Mutations in the parkin gene and the PTEN-induced putative kinase 1 gene (PINK1) have been identified as the most common causes of autosomal recessive early-onset Parkinson disease (EOPD). To investigate the presence of the parkin and PINK1 gene mutation(s) and to explore genotype-phenotype correlations in American Caucasian families with EOPD from North American, we screened these two genes in probands of six families by direct sequencing, semi-quantitative PCR and RT-PCR. No PINK1 gene mutation was found in any of the probands, but compound heterozygous mutations (EX 3 del and EX 3_4 del) in the parkin gene were identified in one family. Extended analysis of the parkin-positive family showed the phenotype of patients was that of classic autosomal recessive EOPD, characterized by early age at onset, slow progression, beneficial response to levodopa, and levodopa-related motor complications. Three heterozygous mutation carriers (EX 3 del or EX 3_4 del) were free of any neurological symptoms. None of 62 healthy controls harbored EX 3 del or EX 3_4 del mutation. Our data suggest that compound heterozygous mutations (EX 3 and EX 3_4 del) in the parkin gene were the cause of EOPD in one of six Caucasian families; heterozygous EX 3 del and heterozygous EX 3_4 del forms were insufficient to cause this disorder, consistent with a loss-of-function mechanism of the parkin mutations. The results may provide new insights into the cause and diagnosis of PD and have implications for genetic counseling.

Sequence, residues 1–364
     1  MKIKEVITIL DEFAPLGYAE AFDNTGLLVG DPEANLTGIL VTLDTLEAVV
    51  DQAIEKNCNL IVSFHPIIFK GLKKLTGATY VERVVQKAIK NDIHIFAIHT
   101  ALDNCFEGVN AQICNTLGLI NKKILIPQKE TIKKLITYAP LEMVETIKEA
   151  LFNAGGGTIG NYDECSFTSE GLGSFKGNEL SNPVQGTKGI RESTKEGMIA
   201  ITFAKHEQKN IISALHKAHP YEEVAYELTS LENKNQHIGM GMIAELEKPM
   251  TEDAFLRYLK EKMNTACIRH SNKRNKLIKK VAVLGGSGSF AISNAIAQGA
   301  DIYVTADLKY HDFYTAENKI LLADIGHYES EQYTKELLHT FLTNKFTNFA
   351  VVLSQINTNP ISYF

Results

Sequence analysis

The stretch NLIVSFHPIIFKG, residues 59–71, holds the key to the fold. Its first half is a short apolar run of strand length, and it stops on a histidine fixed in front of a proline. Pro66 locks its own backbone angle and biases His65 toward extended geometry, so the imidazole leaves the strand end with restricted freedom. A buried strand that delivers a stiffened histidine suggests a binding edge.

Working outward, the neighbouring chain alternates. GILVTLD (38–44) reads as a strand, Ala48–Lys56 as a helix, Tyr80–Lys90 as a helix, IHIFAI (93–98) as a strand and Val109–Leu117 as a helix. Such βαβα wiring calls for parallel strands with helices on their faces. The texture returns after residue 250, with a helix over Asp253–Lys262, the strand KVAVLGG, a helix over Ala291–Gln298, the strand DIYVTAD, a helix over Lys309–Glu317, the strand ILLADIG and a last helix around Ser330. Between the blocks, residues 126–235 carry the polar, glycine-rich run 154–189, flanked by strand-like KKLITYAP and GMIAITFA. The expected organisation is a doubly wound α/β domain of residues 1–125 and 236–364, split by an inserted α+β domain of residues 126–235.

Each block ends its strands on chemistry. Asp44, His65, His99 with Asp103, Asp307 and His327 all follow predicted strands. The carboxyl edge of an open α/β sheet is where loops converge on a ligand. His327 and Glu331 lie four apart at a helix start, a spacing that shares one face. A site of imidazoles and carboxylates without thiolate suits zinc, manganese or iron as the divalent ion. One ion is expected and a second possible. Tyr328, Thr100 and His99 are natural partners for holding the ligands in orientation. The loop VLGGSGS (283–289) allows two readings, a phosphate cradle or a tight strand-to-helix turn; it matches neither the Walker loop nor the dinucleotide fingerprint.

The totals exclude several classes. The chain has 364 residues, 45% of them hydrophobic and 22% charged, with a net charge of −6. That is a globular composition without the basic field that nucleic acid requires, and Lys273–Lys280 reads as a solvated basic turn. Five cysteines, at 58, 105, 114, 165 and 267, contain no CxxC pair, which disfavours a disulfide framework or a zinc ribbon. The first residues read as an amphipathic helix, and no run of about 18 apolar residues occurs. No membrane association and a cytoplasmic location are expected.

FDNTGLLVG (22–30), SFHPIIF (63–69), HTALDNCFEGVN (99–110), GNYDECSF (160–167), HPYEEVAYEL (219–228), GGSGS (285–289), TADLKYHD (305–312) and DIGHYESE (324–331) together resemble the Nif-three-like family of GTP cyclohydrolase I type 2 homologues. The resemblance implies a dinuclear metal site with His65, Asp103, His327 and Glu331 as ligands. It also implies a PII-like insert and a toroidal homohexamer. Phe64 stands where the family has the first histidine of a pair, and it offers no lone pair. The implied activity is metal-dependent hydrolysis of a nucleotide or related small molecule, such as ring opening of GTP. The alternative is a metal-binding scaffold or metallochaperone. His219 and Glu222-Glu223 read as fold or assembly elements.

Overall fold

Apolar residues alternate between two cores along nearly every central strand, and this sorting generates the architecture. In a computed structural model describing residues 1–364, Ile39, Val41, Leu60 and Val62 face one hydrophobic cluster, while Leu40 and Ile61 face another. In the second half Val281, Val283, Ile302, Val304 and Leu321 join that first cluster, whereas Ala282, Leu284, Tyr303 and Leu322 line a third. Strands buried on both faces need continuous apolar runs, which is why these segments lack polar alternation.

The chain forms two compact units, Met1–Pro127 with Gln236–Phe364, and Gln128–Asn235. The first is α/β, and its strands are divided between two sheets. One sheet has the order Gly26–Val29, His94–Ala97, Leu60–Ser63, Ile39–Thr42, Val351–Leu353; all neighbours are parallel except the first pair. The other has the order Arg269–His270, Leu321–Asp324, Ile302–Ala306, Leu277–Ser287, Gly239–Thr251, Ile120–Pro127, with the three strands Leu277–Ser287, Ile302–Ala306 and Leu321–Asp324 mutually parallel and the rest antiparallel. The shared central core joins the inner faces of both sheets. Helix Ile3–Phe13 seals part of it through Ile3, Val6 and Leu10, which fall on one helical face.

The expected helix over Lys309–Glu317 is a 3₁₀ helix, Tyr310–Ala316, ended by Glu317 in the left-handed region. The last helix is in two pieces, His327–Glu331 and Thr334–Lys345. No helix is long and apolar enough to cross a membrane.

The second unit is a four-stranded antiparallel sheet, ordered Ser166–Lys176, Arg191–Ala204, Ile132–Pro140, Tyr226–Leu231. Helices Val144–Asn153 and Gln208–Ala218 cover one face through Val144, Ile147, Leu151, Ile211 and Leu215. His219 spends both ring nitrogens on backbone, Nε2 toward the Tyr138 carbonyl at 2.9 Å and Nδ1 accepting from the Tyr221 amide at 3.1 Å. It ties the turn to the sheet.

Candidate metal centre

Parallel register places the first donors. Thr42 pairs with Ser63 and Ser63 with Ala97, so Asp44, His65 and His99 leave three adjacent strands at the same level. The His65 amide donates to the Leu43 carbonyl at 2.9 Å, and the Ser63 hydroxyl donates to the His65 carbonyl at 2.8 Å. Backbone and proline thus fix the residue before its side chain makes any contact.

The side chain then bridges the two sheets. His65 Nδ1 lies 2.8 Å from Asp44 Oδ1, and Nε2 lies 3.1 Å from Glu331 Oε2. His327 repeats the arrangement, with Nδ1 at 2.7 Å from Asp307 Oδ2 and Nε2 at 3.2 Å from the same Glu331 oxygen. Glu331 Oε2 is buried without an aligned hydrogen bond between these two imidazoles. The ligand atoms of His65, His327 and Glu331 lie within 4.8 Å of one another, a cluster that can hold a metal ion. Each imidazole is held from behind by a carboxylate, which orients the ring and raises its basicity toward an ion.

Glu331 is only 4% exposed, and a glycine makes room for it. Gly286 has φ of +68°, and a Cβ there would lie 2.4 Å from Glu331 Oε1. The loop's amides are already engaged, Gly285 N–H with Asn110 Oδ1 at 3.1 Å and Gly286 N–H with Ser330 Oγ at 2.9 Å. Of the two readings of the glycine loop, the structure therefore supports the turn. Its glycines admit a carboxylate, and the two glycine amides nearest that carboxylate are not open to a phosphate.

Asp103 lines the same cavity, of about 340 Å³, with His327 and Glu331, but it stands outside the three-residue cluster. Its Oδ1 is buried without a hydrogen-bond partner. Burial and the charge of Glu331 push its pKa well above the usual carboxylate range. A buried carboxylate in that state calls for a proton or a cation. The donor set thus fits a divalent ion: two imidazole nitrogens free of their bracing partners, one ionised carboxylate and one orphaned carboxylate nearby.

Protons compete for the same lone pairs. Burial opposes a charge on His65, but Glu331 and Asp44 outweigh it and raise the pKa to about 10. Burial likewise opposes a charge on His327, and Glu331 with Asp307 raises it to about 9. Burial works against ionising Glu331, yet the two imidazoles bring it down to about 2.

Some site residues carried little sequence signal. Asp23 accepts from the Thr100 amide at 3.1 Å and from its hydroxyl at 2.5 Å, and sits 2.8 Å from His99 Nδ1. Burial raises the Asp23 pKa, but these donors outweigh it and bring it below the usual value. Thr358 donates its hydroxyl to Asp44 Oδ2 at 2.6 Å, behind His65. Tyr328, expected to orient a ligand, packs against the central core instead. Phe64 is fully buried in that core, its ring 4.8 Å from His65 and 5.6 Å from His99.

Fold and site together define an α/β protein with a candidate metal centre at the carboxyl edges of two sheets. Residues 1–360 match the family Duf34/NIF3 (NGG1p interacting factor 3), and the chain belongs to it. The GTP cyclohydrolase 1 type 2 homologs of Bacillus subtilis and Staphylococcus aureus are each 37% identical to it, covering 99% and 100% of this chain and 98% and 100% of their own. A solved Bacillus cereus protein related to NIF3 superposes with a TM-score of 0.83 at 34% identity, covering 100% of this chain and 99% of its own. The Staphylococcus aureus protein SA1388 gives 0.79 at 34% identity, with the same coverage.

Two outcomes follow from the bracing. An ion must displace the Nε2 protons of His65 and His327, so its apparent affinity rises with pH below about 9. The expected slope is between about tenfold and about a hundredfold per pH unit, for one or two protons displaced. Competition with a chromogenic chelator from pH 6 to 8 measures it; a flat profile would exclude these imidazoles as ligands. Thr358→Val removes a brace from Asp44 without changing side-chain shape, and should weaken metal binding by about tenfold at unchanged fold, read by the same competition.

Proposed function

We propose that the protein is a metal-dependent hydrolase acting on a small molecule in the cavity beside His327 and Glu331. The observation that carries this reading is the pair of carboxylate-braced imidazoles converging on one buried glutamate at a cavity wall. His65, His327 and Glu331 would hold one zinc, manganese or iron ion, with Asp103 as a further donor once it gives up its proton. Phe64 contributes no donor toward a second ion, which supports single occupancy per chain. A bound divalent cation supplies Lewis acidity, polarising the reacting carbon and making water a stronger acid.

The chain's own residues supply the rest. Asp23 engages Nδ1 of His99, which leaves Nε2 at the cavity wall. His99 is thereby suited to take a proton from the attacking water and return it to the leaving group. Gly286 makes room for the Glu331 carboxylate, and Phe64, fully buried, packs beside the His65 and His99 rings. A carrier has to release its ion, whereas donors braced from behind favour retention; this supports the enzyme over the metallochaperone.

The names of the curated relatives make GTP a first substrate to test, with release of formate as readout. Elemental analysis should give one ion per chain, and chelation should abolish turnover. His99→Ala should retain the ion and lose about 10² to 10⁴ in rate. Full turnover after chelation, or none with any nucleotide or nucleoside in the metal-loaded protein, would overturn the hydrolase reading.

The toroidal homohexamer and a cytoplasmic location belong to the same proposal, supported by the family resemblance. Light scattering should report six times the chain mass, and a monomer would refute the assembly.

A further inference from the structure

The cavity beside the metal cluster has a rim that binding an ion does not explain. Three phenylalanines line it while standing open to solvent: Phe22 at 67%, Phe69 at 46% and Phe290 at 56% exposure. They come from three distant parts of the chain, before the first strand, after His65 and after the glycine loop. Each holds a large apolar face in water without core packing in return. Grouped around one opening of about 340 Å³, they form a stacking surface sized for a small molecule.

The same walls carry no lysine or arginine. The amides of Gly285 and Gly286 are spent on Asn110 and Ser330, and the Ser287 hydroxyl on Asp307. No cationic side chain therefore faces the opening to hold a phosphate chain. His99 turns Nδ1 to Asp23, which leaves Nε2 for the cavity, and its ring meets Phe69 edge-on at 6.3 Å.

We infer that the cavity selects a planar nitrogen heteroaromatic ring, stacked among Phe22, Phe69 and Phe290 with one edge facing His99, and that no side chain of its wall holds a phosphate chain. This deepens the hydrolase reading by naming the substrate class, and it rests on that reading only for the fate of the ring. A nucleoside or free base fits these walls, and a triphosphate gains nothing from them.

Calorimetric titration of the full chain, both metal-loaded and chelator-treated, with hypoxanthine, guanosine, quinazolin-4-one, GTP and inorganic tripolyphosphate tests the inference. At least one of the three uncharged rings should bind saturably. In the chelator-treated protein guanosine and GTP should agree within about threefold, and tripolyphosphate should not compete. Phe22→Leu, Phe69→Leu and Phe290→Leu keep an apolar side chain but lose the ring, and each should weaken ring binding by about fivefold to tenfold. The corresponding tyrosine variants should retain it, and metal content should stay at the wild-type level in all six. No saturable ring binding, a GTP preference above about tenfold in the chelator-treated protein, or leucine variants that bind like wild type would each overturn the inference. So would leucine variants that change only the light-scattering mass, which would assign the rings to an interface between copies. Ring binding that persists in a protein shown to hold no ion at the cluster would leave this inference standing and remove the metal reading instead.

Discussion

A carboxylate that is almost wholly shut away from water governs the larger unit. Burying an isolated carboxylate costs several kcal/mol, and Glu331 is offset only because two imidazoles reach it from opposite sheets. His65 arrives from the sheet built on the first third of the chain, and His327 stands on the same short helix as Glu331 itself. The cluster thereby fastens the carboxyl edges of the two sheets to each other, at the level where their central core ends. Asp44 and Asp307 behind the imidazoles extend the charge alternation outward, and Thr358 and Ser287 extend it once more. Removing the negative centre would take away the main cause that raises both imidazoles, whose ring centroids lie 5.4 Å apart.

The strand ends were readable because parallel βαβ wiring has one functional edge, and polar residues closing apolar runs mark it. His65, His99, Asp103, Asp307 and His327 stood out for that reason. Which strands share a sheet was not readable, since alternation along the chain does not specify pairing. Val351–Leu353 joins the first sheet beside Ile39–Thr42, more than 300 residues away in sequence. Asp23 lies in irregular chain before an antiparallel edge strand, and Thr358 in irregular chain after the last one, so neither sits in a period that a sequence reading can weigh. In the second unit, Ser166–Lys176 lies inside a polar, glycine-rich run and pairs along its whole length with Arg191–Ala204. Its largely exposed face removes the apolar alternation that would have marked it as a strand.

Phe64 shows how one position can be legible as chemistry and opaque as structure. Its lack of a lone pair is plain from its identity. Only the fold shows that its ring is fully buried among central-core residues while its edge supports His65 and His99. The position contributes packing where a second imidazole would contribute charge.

- Early-onset Parkinson disease
- Genetic counseling
ASJC Scopus subject areas